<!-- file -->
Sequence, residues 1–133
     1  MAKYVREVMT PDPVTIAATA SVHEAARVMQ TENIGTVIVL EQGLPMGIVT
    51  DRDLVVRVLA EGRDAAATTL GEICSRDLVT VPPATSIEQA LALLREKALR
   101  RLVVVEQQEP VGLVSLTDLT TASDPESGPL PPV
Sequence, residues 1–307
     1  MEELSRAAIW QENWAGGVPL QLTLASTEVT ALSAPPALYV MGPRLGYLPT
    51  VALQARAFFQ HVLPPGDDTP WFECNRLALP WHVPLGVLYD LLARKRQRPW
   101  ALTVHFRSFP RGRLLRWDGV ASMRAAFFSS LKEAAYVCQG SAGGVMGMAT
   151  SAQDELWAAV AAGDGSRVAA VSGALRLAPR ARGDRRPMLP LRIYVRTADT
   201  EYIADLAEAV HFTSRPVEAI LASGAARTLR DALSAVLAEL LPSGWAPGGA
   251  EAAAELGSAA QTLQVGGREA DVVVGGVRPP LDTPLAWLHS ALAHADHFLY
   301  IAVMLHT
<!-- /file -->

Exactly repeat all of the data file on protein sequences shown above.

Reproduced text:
Sequence, residues 1–133
     1  MAKYVREVMT PDPVTIAATA SVHEAARVMQ TENIGTVIVL EQGLPMGIVT
    51  DRDLVVRVLA EGRDAAATTL GEICSRDLVT VPPATSIEQA LALLREKALR
   101  RLVVVEQQEP VGLVSLTDLT TASDPESGPL PPV
Sequence, residues 1–307
     1  MEELSRAAIW QENWAGGVPL QLTLASTEVT ALSAPPALYV MGPRLGYLPT
    51  VALQARAFFQ HVLPPGDDTP WFECNRLALP WHVPLGVLYD LLARKRQRPW
   101  ALTVHFRSFP RGRLLRWDGV ASMRAAFFSS LKEAAYVCQG SAGGVMGMAT
   151  SAQDELWAAV AAGDGSRVAA VSGALRLAPR ARGDRRPMLP LRIYVRTADT
   201  EYIADLAEAV HFTSRPVEAI LASGAARTLR DALSAVLAEL LPSGWAPGGA
   251  EAAAELGSAA QTLQVGGREA DVVVGGVRPP LDTPLAWLHS ALAHADHFLY
   301  IAVMLHT